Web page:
Mend Physical Therapy Blog and Injury Information

Physical Therapy or Surgery for Rotator Cuff Tears

November 12, 2015

Despite having no symptoms, many of us will develop age-related changes in the musculoskeletal structures of our bodies, similar to the aging effects on our skin. These findings are most prevalent on highly sensitive imaging techniques such as MRI and often lead to unnecessary and costly medical procedures. Our shoulders are also prone to development of age related changes including rotor cuff muscle tears which may or may not be symptomatic or interfere with our functional and recreational activities. In particular, rotator cuff tears are age dependent and the prevalence of both symptomatic and asymptomatic tears increases with increased age (Sher et al. 1995). For example, 1 in 3 adults over the age of 60 will have a rotator cuff tear on MRI (Fehringer et al. 2008). A Key question to ask when these changes are found would be, “what treatment, Physical Therapy or surgery, is most effective for my symptoms?”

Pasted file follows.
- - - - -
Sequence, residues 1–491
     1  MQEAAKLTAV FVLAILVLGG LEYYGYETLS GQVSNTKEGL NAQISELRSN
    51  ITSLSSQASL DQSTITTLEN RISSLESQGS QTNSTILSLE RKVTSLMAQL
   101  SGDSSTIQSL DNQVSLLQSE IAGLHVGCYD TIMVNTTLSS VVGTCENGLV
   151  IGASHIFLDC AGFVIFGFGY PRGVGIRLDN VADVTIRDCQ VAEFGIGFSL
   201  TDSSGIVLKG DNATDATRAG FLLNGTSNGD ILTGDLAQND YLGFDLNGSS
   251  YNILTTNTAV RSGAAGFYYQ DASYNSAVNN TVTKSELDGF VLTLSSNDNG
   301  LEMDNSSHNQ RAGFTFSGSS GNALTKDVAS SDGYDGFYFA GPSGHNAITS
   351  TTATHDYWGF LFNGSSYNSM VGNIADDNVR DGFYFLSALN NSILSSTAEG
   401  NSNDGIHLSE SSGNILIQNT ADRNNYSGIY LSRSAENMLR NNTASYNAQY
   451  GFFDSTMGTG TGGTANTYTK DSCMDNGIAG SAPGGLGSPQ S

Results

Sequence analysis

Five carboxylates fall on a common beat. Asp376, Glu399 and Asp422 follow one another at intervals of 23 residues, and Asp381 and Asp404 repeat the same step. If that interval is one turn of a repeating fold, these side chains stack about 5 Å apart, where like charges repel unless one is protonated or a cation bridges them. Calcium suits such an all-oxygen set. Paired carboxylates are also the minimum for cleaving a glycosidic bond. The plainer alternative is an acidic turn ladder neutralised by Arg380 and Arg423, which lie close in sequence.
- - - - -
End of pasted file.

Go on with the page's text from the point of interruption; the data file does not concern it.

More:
A recent article asked the question, “Which is the most effective treatment for non traumatic rotator cuff tears?” Kukkonen and colleagues released their findings in this month’s Journal of Bone and Joint Surgery (2015). They studied 167 shoulders (full thickness supraspinatus tears) in 160 patients and randomized these patients to one of three groups. 1. Physical Therapy 2. Physical Therapy plus bone spur removal and 3. Physical Therapy, bone spur removal and rotator cuff repair. All of the patients who entered the study had functional range of motion in their shoulders before being randomized. Patients were followed for up to 2 years which provided excellent data on symptoms, function, and patient satisfaction. The authors found no significant differences between groups on patient satisfaction, symptoms, and function at the 2 year follow up.    

rotator cuff tear physical therapy versus surgery

boulder physical therapy shoulder surgery versus physical therapy

Given the long term evidence, individuals with non-traumatic tears should strongly consider a 8-12 week course of Physical Therapy prior to any surgical intervention. Failure of conservative treatments including Physical Therapy, unrelenting night pain, and progressive loss of function warrants surgical consultation. To learn more about the effectiveness of conservative treatments for rotator cuff disease contact your local Physical Therapy experts at Mend.